I’m hitting the road and hanging up the blog. Join me for a non-virtual visit in Memphis (Oct. 5th) and Atlanta (Oct. 11th). Otherwise, send me a letter – I’m sick of email.
I’ll leave with a poem:
When I Heard the Learned Astronomer
by Walt Whitman
When I heard the learn’d astronomer,
When the proofs, the figures, were ranged in columns before me,
When I was shown the charts and diagrams, to add, divide,
and measure them,
When I sitting heard the astronomer where he lectured with
much applause in the lecture-room,
How soon unaccountable I became tired and sick,
Till rising and gliding out I wander’d off by myself,
In the mystical moist night-air, and from time to time,
Look’d up in perfect silence at the stars.
Fontainebleau, France, 2007 by Alec Soth, 2007
I’m leaving for Germany and doubt I’ll be able to post much over the next week. While I’m gone, I want to share with you something that is very close to my heart.
While my mother-in-law, Linda Francis Cartee, was battling cancer, she participated with an organization called Pathways. Pathways is a non-profit organization that provides programs designed to support a creative healing response for people with life-threatening illness. Linda’s experience with Pathways changed her and everyone she touched. My book, Sleeping by the Mississippi, was dedicated to Linda and could never have been made without her inspiration.
Last year I donated over 25 prints to charitable auctions. This year I’ve pooled all of my prints for the Linda Francis Cartee Memorial Fund at Pathways.
For more information, go here.
And if you live in Minnesota, you’ll want to go to this event.
Still from Wild Strawberries
Not long ago I wrote about my fantastic experience with the first Magnum Portfolio Review. I wish I had the opportunity to be part of the first Magnum Masterclass.
Here are the details (or you can download the .doc file here):
Ted Hartwell by Dan Dennehy, 2002
I worked for seven years at the Minneapolis Institute of Arts doing darkroom work and digital archiving. Now and then the photography curator Ted Hartwell would pop his head into our studio. I think he missed the smell of the darkroom. Ted started working in the same studio in 1962. Like nearly all museums of that time, the MIA didn’t have a curator of photography. So Ted did double duty and started putting together small shows. By the time he officially became curator of photography in 1972, he’d mounted major exhibitions and developed the foundation for a world-class photography collection.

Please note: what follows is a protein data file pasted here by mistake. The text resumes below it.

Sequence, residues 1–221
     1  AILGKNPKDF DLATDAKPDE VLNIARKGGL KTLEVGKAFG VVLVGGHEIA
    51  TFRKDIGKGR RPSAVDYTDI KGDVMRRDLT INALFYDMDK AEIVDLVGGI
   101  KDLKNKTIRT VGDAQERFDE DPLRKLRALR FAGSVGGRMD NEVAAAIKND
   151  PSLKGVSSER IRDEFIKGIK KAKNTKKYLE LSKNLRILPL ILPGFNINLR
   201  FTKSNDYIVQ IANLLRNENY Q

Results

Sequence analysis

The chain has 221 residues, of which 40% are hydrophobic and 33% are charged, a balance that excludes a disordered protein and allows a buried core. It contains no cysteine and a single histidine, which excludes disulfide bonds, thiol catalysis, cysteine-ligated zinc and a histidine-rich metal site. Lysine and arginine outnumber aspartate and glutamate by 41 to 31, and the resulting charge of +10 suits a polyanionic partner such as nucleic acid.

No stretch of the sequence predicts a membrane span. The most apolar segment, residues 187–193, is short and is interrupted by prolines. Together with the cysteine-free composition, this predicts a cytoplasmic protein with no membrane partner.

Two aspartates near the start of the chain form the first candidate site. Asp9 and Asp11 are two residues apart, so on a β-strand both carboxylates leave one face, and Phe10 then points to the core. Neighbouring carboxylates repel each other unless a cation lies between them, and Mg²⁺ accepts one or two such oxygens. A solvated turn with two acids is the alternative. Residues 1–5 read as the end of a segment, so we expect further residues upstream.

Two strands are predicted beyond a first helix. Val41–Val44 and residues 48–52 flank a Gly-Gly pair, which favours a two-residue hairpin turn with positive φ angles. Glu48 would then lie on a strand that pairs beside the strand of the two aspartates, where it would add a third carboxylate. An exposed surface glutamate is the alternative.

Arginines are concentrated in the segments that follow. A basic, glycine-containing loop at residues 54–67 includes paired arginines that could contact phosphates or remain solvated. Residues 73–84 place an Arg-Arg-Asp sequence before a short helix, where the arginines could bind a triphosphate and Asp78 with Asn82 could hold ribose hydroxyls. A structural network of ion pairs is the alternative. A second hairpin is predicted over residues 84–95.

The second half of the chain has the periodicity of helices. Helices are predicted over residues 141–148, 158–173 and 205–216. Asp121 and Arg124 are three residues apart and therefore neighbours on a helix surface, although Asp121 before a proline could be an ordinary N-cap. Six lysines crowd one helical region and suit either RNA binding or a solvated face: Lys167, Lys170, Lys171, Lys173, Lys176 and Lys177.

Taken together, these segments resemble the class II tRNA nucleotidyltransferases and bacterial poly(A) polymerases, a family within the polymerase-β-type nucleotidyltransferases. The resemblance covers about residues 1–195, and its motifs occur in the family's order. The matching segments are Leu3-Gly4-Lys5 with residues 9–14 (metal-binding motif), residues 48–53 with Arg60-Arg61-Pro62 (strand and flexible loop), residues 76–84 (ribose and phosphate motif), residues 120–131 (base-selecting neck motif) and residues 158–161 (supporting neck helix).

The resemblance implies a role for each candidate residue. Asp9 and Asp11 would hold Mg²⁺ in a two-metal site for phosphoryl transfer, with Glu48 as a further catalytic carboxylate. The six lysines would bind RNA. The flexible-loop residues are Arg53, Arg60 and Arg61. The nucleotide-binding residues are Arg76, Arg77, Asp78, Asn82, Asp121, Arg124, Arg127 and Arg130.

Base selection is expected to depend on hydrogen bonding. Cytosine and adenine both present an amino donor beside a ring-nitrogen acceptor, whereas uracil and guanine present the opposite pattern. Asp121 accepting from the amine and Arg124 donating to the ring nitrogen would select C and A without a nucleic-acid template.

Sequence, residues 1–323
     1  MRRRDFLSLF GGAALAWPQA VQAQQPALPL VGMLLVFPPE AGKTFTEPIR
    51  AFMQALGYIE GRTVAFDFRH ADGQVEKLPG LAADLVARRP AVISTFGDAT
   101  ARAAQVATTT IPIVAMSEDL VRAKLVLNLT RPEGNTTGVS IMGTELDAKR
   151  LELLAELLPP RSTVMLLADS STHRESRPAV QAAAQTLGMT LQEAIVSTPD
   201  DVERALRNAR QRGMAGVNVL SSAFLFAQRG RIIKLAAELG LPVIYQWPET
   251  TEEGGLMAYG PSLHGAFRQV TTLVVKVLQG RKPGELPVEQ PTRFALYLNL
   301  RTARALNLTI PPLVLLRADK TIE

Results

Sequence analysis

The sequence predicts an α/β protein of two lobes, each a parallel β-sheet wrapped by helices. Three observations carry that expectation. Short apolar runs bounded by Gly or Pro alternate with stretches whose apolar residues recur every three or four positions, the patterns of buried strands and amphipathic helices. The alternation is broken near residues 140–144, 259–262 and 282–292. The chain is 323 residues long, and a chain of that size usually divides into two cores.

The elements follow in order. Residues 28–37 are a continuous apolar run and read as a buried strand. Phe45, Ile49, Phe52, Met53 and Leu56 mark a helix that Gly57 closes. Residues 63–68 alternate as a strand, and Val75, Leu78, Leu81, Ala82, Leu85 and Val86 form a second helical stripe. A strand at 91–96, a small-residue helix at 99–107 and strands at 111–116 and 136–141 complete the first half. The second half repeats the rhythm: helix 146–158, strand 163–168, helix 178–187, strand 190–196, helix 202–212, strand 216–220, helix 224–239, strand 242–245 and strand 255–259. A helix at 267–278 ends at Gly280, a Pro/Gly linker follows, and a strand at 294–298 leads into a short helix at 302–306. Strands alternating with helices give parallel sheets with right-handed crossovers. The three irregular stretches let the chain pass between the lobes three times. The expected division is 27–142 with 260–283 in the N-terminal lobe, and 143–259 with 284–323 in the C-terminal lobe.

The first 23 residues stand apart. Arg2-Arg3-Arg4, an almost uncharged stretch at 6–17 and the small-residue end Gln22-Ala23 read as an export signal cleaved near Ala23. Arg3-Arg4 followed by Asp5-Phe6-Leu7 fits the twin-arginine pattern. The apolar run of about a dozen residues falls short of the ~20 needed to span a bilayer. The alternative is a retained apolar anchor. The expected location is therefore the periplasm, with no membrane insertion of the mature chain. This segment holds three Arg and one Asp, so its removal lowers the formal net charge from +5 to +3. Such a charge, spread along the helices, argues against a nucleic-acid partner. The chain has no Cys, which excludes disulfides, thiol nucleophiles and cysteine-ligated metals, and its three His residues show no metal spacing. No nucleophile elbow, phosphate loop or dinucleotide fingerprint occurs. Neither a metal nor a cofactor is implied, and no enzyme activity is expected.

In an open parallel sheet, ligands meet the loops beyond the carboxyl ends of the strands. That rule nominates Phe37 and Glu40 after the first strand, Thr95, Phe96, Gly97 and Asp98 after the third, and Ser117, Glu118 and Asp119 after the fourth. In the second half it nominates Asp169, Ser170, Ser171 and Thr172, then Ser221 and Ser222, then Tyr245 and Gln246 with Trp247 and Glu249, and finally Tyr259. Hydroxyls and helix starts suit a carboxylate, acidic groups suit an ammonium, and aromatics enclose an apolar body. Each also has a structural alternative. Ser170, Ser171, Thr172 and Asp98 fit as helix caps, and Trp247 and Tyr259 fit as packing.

I loved Ted’s visits to our studio. Where else in Minneapolis could I talk to a guy who hung out with Richard Avedon and Henri Cartier-Bresson? Despite traveling in those circles, Ted was utterly approachable. For all of his curatorial achievements, he was still doing double duty – he still loved the life of photography: making pictures, hanging out, chewing the fat about the new Nikon.
Like Ted, I eventually graduated from the old studio to larger pastures. He showed me love and encouragement every step of the way. Last year he led a MIA group to my studio. He spoke about me with almost parental pride:
Ted Hartwell at Soth Studio, 2006 by Greg Jansen
A proper obituary for Ted should talk about his incredible achievements. But right now I can only talk about the man. Ted Hartwell was a good, good man. He will be greatly missed.
- Read the Star Tribune obituary here.
- Mary Virginia Swanson’s tribute here.
Read Gerry Badger and Karl Baden’s stories and then post your own here.
John Szarkowski, New York, 1963 by Jacques Henri Lartigue
There is nothing more valuable for emerging artists than getting an honest and in-depth reaction from established professionals. But it isn’t easy. Professionals normally don’t have time to be teachers.
Every week I get numerous emails asking me to review work online. Even if I had time, I don’t feel capable of sinking my teeth into jpegs. Moreover, it seems impossible to give a worthwhile reaction without having a face-to-face discussion.
This is why I’m a big believer in portfolio reviews. These reviews provide a time and place for genuine exchange. As I’ve previously mentioned on this blog, I’m a fan of Review Santa Fe. It is a great place to get the opinions of editors, publishers and galleries. But the one thing Santa Fe doesn’t offer is the opinions of established working photographers.
Magnum Photos is helping to fill this gap with its first Portfolio Review event. On Sunday, June 17th, visitors can meet with three of the following photographers in New York City:
- Larry Towell
- Alec Soth
- Susan Meiselas
- Trent Parke
- David Alan Harvey
- Jim Goldberg
- Mark Power
School can be great, but there is so much filler. For tens of thousands of dollars, you sit in circles and talk in circles. Here, for $250, you can cut to the chase with both up-and-comers and established legends.
This is going to fill up quickly. So if you are interested, click here for details and an application.
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